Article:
Julian Assange, the chief of the whistle-blower WikiLeaks, however, claimed that his works inspired the social-activist Hazare to hold the hunger strike at Delhi's Jantar Mantar demanding drafting of Lokpal Bill in the coming monsoon session of the Parliament. (Read: Battle not ended but started - Anna Hazare breaks fast)
Recently, India was stormed over some WikiLeaks' explosions which once again fueled the old controversy of the country - cash-for-votes. A US cable made public by WiKiLeaks claimed that the UPA government led by Congress bribed some MPs in 2008 to buy the trust votes for Indo-US nuclear deal. (What is cash-for-votes controversy?)
Opposition parties raised the issue in the Parliament's budget session and Prime Minister Manmohan Singh mostly faced the wrath of the Opposition. BJP leader Sushma Swaraj criticised Singh over his inactions regarding all scams and scandals in the country.
Assange, pointing to WikiLeaks' revelation with Indian daily The Hindu, stated that Opposition parties walked out from the Parliament was led by the whistle-blower's "cablegate".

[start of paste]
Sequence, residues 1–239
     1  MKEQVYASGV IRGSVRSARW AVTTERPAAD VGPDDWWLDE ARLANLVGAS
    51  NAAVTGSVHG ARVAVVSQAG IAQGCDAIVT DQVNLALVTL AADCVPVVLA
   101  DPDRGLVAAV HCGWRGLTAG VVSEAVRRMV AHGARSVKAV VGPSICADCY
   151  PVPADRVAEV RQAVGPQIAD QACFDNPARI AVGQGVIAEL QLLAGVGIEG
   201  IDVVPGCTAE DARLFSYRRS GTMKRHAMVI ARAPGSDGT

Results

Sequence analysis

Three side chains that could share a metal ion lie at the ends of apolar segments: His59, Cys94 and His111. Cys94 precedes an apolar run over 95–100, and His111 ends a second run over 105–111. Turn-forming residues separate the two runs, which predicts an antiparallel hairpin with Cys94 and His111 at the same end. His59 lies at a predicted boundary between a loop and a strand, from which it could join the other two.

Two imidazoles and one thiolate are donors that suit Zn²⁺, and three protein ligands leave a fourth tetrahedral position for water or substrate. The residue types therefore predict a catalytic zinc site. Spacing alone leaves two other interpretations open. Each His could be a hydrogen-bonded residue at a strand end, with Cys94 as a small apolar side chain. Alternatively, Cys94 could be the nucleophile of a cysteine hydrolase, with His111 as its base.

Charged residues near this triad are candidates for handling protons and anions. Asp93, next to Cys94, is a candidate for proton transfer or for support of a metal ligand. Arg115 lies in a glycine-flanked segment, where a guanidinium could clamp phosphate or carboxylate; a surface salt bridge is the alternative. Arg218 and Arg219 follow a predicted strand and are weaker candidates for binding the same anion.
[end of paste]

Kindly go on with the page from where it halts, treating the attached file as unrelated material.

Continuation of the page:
Stating about Hazare's anti-corruption movement, Assange said that Hazare's protest and Indians support to the activist was "something that has not happened since the time of Gandhi (Mahatma Gandhi)."
However, stating about WikiLeaks' own transparency, its founder said, "We are directly supported on a week-to-week basis by you. You vote with your wallets every week if you believe that our work is worthwhile or not."
"If you believe we have erred, you do not support us. If you believe we need to be protected in our work, you keep us strong. That dynamic feedback, I say, is more responsive than a government that is elected after sourcing money from big business every four years," added Assange.